It is a popular fact that JIT system started in the initial years after the World War II in Japan for the Toyota automobile system. Toyoda family in Japan decided to change their automatic loom manufacturing business to the automobile business. But they had few problems to overcome. They could not compete with the giants like Ford in the foreign markets. Therefore Toyota had to depend upon the small local markets. They also had to bring down the raw materials from outside. Also they had to produce in small batches. They haven t had much of capital to work with. Therefore capital was very important. With these constrains Taiichi Ohno took over the challenge of achieving the impossible. With his right hand man Dr. Sheigo Shing o for next three decades he built the Toyota production system or the Just-In-Time system. Although the concept was mastered in Japan for the Toyota production system, the roots of this concept goes into the sixteenth century. Eli Whitney s concept of interchangeable parts said to be the very initial beginning of this concept. But first or at least famous implementation of something similar to JIT happened a century later in manufacturing of Ford Model T (in 1910) automobile design. Manufacturing was based on line assembly. Every part moved without interruptions to the next value adding point. Parts are manufactured and assembled in a continuous flow. Even Henry Ford may not have understood the basics behind his system. But it saved lots of money and made Henry Ford a richest on the planet at that time. Although very successful in the initial years, Ford system had it drawbacks. One of the major drawbacks was that its inability to the change. This was due to the push strategy implemented in the Fo rds system. They relied on keeping machine busy without thinking about the final outcome. They had huge stocks in the form of finished goods and in the form of Work In Progress. This led to the inflexibility of the system. Also this wasted money unnoticed. Another major drawback of the system was the poor handling of the human resource. This led to have a less motivated set of peopl e in the organization. But in Japan, they studied the system very well and saw the problems that Ford system had. But the core concept of the Ford system was obeyed. This is the continuous flow of value system. Anything distracting it treated as a waste. Various pioneered work from people like Deming and Juran in the field of quality improvement was


Lean Manufacturing
used in the system. This bought built in quality to the system. More importantly Ohno and Shingo understood the drawbacks in the push system and understood the role played by the inventory. This led to Pull system rather than the push system, where the parts are produced only when they are pulled by the process before that. This is similar to the concepts in the super markets. When the shells are being emptied (that is when people buy the product), they are refilled with new ones. This system developed in Toyota from 1949 to 1975 virtually unnoticed by the others even within Japan. But in the oil crisis in 1973 Japan economy suffered and most of the industries had losses. But Toyota overcame these problems. They stood out from the r est. This was the eye opener for other Japanese firms to implement this system. But this system got popular in the western world with the book The machine that change the world written by James Womack in 1990. This book was aim ed to give the history of the automobile with the plant details of some of these manufacturers. He gave the name Lean Manufacturing to this system . This was the eye opener for the western world about this system. Thereafter the concepts were practiced all over the world. Experiences and knowledge vastly improved the system. This system developed in Toyota from 1949 to 1975 virtually unnoticed by the others even within Japan. But in the oil crisis in 1973 Japan economy suffered and most of the industries had losses. But Toyota overcame these problems. They stood out from the rest. This was the eye opener for other Japanese firms to implement this system. But this system got popular in the western world with the book The ma chine that change the world written by James Womack in 1990. This book was aimed to give the history of the automobile with the plant details of some of these manufacturers. He gave the name Lean Manufacturing to this system . This was the eye opener for the western world about this system. Thereafter the concepts were practiced all over the world. Experiences and knowledge vastly improved the system. But there were many people who just tried to use the tools in lean manufacturing without understanding the meaning of them. They eventually failed. But there are number of places this system is working well. The complete elimination waste is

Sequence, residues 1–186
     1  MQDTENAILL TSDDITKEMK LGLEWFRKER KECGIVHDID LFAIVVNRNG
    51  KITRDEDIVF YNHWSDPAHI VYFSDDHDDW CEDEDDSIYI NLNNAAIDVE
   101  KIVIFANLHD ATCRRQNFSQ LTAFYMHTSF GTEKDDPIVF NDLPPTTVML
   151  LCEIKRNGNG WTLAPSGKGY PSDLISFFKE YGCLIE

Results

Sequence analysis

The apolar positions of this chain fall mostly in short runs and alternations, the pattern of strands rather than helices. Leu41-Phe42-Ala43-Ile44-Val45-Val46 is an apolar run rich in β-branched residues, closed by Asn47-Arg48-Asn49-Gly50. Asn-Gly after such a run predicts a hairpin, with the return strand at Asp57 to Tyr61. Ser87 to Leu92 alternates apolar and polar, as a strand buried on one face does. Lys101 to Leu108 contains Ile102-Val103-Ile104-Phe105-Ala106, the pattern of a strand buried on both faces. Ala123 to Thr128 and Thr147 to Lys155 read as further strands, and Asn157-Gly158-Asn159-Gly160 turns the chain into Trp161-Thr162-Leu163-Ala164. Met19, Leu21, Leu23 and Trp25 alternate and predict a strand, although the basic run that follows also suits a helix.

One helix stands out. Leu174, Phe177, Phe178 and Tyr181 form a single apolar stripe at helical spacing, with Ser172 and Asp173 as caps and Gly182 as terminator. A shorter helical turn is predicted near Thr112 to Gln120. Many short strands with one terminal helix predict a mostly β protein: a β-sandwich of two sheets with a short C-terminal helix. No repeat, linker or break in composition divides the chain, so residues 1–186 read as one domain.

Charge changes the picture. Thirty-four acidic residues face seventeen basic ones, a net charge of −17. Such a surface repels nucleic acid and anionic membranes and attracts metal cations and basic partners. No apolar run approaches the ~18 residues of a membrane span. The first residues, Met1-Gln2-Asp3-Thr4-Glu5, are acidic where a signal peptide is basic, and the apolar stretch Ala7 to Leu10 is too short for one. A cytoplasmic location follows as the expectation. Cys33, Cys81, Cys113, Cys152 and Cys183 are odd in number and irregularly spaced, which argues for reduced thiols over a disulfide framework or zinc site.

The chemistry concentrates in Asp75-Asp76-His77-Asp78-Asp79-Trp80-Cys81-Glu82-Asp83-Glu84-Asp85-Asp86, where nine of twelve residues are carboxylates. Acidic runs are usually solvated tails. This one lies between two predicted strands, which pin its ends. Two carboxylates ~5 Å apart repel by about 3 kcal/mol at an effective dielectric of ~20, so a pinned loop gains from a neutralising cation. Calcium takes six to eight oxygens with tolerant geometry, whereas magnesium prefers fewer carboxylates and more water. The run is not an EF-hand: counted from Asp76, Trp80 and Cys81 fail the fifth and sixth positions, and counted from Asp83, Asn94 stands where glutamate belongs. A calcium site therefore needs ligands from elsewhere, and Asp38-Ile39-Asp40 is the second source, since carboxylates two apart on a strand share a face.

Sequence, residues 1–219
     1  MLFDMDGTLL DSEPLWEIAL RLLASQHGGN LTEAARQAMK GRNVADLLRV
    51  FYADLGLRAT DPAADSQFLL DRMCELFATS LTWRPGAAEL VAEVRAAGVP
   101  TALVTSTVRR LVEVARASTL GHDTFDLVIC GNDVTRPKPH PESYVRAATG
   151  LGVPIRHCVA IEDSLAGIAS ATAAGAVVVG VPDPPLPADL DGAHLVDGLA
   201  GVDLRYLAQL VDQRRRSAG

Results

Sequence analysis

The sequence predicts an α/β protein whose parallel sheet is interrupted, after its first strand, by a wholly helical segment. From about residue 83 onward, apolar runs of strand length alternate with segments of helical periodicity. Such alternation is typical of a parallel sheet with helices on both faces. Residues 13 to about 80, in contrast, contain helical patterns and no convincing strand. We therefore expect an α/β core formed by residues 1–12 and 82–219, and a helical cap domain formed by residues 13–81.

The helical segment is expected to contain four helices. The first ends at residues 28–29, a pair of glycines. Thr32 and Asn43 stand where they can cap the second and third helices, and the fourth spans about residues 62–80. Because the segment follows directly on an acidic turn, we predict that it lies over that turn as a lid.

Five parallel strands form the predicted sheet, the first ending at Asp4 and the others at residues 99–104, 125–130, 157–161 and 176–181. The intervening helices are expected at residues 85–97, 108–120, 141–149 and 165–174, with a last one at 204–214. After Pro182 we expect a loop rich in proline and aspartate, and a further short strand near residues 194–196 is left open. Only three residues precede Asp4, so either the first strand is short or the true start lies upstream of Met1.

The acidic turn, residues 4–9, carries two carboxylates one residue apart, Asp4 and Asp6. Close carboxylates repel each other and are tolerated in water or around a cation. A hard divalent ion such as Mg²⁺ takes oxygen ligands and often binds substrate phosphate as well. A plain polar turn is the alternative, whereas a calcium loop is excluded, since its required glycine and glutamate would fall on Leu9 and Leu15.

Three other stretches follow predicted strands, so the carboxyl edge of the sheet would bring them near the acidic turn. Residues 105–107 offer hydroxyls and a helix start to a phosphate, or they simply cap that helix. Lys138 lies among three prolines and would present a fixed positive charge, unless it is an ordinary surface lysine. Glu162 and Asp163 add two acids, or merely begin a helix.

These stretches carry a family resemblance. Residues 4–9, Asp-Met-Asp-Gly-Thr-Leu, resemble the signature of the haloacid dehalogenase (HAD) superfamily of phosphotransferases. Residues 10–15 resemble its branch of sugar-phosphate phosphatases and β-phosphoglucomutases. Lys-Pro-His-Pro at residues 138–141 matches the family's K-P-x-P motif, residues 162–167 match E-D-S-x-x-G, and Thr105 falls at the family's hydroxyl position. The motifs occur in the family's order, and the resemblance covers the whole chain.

Lean Manufacturing
the target of the system. This concept is vitally important today since in today s highly competitive world there is nothing we can waste. Even today this system adds to its history. Therefore there will be a lot to add to this chapter in the coming years.


You're Reading a Free Preview

/*********** DO NOT ALTER ANYTHING BELOW THIS LINE ! ************/ var s_code=s.t();if(s_code)document.write(s_code)//-->